Yes, the Italians ripped off a lot of American movies in the 1970s and ’80s. But you know who really excelled at the mockbuster, folks? Turkey.
Seytan is a product of this rich atmosphere of copying that which is great in other nations’ cinema, because Seytan is the Turkish equivalent of The Exorcist. I don’t mean it was simply inspired by The Exorcist the way other exploitative horror flicks like Abby or Beyond the Door were. I mean Seytan is at times a shot-for-shot knock-off of The Exorcist, complete with a muddied soundtrack directly stolen and then slightly modified to have a longer intro. Sure, it’s not 100%…but then that wouldn’t have worked, considering the heavy dose of Catholicism that The Exorcist carried. Instead, it’s more like, oh 80%, with the remaining 20% changed due to the low budget and necessity for adapting it to a Muslim audience.
There are no priests in Seytan. Instead of our young priest, a doubting priest guilt-struck over his mother’s death in an asylum, you have a young author, a doubting psychologist guilt-struck over his mother’s death in an asylum. Instead of an old priest with a penchant for Satanic archaeology who has faced the Devil before and suffers a heart condition, you have an old mullah with a penchant for Satanic archaeology who has faced the Devil before and suffers a heart condition. Instead of a cross and heavy cursing, the Turkish Reagan stabs herself with a satanic letter opener. She also never spiderwalks down the stairs or tells an astronaut that he’s going to die in space…but she does totally urinate in front of everyone at a party.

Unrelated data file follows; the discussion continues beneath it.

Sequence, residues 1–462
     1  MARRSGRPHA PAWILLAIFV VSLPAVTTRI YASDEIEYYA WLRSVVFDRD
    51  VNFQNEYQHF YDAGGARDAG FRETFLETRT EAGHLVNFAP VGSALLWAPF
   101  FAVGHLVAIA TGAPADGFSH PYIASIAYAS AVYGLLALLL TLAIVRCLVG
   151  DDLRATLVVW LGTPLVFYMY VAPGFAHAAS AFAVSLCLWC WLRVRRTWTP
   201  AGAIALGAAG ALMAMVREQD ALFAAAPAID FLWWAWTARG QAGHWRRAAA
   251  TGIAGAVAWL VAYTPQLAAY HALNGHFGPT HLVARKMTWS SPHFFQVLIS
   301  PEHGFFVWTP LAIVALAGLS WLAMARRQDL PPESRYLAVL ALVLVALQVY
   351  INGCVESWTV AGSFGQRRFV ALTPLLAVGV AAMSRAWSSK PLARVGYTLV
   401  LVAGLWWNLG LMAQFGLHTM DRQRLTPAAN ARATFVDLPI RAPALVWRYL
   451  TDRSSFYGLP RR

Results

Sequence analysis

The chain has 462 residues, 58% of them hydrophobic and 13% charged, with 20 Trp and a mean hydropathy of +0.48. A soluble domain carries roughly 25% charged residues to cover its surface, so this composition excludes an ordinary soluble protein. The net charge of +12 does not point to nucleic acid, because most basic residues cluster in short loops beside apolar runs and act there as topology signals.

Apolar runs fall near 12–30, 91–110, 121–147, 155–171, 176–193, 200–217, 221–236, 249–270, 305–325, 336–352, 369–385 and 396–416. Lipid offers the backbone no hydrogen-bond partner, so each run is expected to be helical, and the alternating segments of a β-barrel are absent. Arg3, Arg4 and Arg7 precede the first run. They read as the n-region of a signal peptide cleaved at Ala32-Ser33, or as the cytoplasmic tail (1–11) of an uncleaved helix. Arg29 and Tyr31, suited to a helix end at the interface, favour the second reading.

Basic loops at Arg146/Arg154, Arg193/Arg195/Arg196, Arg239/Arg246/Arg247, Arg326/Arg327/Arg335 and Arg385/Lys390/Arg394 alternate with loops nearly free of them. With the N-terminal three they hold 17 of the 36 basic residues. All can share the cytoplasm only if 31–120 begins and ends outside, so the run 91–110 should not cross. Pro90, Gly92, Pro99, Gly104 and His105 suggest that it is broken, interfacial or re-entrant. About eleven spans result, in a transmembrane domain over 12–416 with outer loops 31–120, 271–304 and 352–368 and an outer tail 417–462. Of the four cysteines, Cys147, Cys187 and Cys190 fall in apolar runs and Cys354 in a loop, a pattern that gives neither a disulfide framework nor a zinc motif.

Unfortunately while Seytan is quite an incredible copy, it’s still obviously skimping on the budget and the skill. The special effects are laughable when compared to the original(the bed-shaking scene got downgraded to a shaking mattress), and the cinematography just isn’t as awe-inspiring. There’s also a lot less polish to the finished product and garbled audio, which is further complicated by the poor subtitles on the only version I could find, though I don’t begrudge the film for this.
When Islam does come into it, it mostly involves the old priest-type character, who uses a Qur’an and holy water taken from the Well of Zamzam in Mecca, Saudi Arabia. There is also a brief scene involving a mosque and knock-off Reagan running up to hug another mullah, who rubs the top of her head and smiles that she has been spared from the grasp of Satan. It’s actually a rather touching note to end on in a film that is otherwise lacking if you are familiar with the classic it’s aping, and I do appreciate the updates made to make the film more culturally relevant in an Islamic nation.
Oh, one other thing…I didn’t find Seytan as funny, but that’s because it wasn’t nearly as well done. Yes, I found The Exorcist funny. We’ve talked about this. I have a heart made of rot and horror.